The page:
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How siblings can manage family caregiving together

Solving family disputes when caring for a loved one

CHARLOTTE, N.C. — Family disputes over elderly parents are more common when multiple children are interested and involved in caregiving. Siblings may be wondering how to protect the money of elderly parents from a financially dependent brother or sister. Relationship tensions may escalate if an adult child living with parents becomes overbearing or controlling. One sibling may be taking on the load and not receiving help. How do you juggle these responsibilities and tensions? 

Aging expert Anthony Cirillo says there are potentially two kinds of situations that can develop. They are assistance with care and the potential abuse of loved ones by a sibling.  When it comes to asking for assistance with care, Cirillo says be direct with requests for help.  It's also a good idea to sit down and create a list of realistic tasks or objectives that your sibling can help with. Cirillo says keep everyone in the loop and if you're being ignored, seek other sources of help.

When it comes to family caregiving, Cirillo offers these warnings for potential signs of trouble.  If one child takes over the caregiving role and leaves other family members in the dark, perhaps even limiting access to the elderly loved one, that's a red flag. Also be concerned if your sibling is acting as a gatekeeper and prevents you from reaching your parents, and you have reason to believe there may be abuse or exploitation involved. There are some telltale signs.  Cirillo says to look for unexplained signs of injury; reports of drug overdose or apparent failure to take medication; signs of being restrained, such as carpet-burn-looking marks on wrists; unusual weight loss, malnutrition, dehydration; unsafe living conditions.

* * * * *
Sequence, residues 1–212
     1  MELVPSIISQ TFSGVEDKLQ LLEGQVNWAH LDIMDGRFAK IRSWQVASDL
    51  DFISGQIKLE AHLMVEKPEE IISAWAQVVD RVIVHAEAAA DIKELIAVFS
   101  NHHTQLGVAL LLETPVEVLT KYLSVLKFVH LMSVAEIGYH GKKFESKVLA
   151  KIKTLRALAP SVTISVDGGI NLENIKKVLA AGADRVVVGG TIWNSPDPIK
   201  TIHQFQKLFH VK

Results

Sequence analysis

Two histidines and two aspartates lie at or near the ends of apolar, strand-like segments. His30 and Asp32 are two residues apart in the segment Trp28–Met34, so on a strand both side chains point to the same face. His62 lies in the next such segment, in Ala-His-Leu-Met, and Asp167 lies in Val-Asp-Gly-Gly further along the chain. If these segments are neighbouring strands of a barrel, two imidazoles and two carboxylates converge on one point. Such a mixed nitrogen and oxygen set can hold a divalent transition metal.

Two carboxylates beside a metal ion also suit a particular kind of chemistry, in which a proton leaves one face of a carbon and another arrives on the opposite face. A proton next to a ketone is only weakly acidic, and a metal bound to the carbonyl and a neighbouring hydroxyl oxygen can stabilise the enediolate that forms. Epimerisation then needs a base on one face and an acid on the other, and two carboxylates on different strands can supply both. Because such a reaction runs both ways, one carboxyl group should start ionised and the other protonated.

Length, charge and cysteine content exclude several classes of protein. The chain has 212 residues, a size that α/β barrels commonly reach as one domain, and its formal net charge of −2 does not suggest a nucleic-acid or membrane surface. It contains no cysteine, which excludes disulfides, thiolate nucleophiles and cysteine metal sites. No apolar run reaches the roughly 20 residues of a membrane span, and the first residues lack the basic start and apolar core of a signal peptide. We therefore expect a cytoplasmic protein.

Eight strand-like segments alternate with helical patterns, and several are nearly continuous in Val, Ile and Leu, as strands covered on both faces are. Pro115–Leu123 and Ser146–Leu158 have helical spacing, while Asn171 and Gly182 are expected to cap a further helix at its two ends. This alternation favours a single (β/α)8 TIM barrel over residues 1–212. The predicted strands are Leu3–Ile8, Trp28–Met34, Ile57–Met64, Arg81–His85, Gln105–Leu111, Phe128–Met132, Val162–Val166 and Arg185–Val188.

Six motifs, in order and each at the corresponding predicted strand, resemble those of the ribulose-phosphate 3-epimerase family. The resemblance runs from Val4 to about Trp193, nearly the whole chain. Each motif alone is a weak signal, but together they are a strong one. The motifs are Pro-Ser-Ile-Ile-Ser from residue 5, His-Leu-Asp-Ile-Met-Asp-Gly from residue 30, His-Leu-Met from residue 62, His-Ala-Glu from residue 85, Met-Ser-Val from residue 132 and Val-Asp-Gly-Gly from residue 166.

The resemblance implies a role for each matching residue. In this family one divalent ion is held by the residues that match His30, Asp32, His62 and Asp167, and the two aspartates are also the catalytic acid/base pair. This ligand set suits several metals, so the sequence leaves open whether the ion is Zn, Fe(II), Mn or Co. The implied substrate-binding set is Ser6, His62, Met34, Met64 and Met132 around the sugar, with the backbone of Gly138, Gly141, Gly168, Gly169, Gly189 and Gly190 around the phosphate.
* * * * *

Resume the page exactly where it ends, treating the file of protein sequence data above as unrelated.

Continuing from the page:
There is also the potential for financial abuse. Cirillo says try to make financial decisions and establish a budget in advance. Ask your parents how much money they’ve saved and if they’ve taken out a long-term care insurance policy. End-of-life conflicts can be avoided by writing a living will that specifies end-of-life wishes. Ask that they pre-designate a power of attorney, or durable power of attorney, to carry out these requests.

To learn more visit https://www.theagingexperience.com